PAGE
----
Tesla Model S and X are Done, falling flatlining, no more growth so it’s all in the German autonation to save Model 3 evaporating waitlist

    1. Seven Electrics says:

      I’m going to go out on a (very short) limb and predict another $1B raise for Tesla within the next six months. The 3 numbers are way below expectations, and dooming Tesla’s chances of stopping the bleeding anytime soon.

      They’ll claim it’s for Model Y development, but really it’s for 3 production. If they’re clever, they’ll find a way to raise the money through some new debt scheme: a new line of credit, or bonds.

      I’m further going to bet that the $35K Tesla will not be offered until at least 2019 due to, as they will claim in true Soviet fashion, “overwhelming demand” for the higher priced versions (read: can’t be made profitably).

      1. TheWay says:

        I don’t agree. Why would Tesla then finish last quarter with such a large cashflow positive? If it was a matter of money, they could have just spent more and have a lower cashflow positive.

      2. Pushmi-Pullyu says:

        Another Tesla hating troll post from 3/4/5/6/7 Pretend Electrics.

        According to Nix, who seems to know more than anybody else about subjects discussed here, Tesla was oversubscribed in its last industrial financial offering, by a ratio of about 10 to 1! Given that level of demand, I think that Tesla could announce a round of financing because it needed to buy some Picasso paintings to decorate the front office reception room, and they’d get investors climbing over each other to throw money at Tesla.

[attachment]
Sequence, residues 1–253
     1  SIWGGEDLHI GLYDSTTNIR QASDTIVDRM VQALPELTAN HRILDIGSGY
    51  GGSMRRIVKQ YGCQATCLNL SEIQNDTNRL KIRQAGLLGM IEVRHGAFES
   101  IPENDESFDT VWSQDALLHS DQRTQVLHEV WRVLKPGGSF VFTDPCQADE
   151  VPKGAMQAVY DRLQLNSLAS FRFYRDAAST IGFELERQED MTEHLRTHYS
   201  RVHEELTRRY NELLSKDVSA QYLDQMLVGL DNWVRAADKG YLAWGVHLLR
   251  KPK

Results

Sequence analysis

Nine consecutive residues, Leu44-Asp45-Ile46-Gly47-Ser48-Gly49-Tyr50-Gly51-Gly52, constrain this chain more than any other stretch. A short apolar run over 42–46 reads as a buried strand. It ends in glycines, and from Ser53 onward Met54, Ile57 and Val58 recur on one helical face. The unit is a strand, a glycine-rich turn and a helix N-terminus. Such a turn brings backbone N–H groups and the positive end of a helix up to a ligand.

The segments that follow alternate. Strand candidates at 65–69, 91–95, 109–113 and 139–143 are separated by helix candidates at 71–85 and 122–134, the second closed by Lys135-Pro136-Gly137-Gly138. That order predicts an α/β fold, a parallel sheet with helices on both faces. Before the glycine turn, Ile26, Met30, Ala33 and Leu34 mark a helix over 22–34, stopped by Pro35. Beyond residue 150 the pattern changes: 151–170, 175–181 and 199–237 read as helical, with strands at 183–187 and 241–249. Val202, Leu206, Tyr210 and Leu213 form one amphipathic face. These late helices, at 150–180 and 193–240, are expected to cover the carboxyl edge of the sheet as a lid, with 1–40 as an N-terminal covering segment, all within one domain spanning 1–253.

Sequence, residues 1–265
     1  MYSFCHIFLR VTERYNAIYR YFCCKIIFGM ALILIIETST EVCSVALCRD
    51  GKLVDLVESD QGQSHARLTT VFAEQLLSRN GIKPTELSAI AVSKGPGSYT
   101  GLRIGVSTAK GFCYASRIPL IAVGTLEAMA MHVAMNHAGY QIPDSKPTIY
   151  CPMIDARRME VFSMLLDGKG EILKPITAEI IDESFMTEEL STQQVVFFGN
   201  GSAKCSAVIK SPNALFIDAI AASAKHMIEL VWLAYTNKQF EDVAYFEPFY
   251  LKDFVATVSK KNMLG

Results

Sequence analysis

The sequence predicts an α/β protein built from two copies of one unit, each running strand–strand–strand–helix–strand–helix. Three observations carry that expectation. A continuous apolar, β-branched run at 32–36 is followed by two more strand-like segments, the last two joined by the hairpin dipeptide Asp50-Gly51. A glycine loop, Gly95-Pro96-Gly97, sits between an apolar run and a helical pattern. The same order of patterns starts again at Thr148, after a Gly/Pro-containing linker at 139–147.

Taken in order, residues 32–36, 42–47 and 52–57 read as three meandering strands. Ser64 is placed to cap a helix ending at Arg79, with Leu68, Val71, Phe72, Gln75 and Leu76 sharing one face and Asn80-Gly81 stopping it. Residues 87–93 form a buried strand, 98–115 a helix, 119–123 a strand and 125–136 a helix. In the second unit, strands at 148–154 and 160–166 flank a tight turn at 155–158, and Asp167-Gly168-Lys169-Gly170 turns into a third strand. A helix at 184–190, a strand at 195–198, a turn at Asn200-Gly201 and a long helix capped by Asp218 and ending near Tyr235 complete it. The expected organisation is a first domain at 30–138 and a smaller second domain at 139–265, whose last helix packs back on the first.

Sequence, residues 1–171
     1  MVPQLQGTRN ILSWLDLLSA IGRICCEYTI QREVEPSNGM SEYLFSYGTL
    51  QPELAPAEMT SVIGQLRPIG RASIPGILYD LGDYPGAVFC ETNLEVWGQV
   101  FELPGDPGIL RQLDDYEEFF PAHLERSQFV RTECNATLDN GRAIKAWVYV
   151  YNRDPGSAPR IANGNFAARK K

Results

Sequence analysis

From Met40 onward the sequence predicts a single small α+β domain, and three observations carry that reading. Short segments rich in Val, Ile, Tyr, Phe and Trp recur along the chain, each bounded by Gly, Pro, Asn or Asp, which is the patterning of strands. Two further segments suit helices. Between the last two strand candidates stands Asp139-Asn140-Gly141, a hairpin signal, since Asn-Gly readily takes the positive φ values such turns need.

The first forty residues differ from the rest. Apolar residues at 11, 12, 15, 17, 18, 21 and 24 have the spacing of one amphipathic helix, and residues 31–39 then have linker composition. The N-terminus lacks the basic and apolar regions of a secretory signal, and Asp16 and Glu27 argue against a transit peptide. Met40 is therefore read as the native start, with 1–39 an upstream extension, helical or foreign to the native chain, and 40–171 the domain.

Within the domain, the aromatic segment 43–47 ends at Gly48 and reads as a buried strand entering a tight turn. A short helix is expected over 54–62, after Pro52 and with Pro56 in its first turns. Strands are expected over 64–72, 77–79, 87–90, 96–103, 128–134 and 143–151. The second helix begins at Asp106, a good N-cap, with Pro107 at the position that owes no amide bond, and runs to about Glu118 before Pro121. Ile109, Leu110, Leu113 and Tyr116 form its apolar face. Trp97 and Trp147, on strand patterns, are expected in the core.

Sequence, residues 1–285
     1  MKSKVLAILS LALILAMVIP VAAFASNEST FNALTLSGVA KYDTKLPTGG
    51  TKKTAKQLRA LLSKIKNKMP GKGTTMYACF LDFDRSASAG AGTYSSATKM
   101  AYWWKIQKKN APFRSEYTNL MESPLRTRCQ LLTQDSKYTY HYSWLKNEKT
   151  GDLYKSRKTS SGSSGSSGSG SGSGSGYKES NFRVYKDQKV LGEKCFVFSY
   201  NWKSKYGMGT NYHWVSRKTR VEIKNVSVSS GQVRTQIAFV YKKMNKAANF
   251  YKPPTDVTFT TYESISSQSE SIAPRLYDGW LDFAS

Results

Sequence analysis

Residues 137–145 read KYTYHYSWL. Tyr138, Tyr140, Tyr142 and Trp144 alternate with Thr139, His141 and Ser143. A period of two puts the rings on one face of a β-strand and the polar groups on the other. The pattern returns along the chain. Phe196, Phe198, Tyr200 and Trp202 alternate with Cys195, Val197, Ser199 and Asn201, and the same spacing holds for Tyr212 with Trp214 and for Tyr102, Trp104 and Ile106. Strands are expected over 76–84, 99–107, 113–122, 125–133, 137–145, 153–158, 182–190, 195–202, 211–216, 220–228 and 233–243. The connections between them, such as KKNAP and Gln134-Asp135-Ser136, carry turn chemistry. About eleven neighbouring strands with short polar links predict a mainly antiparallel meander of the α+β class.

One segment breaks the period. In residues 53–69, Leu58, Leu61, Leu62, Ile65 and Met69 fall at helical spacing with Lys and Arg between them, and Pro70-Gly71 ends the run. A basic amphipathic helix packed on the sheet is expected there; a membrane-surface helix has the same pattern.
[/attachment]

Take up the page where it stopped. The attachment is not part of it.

The idea that Tesla is in some sort of financial difficulty is FUD that the Tesla Hater cult has been bleating for years and years. Fortunately for those of us who want to see Tesla succeed, actual evidence points to Tesla still growing strong.

        Here’s all we need to see just how wrong the Tesla Hater cultists have been over the years:

        Tesla’s global automobile sales totals:
        2012: 2650
        2013: 22,300
        2014: 31,655 (+41.95%)
        2015: 50,580 (+59.8%)
        2016: 76,230 (+50.7%)
        2017: 101,312 (+32.9%)

        * * * * *

        I expect the growth percentage for 2018 to be considerably higher than 33%!

        Go Tesla!

      3. zzzzzzzzzz says:

        $1 B raise is not going to save a company reaching close to record breaking $1 B per quarter burn rate now just to keep lights on.

        They would need to raise 3-5-7 billions. For model Y, ICBM travel, boring through center of the Earth, whatever is needed to impress fellow muskologists. Just get that damn money. But the fact that they didn’t done it yet, resorting to not so cheap junk bonds, makes it suspicious if they reached the point when they can’t do it at all. Maybe SEC is in the way, or required disclosures would reveal some unacceptable skeletons in a closet.

        1. TheWay says:

          What you fail to realize is that with expansion, Tesla’s fixed costs go down. So launching new cars becomes much easier. Especially as Tesla improves their technology and builds cars more efficiently.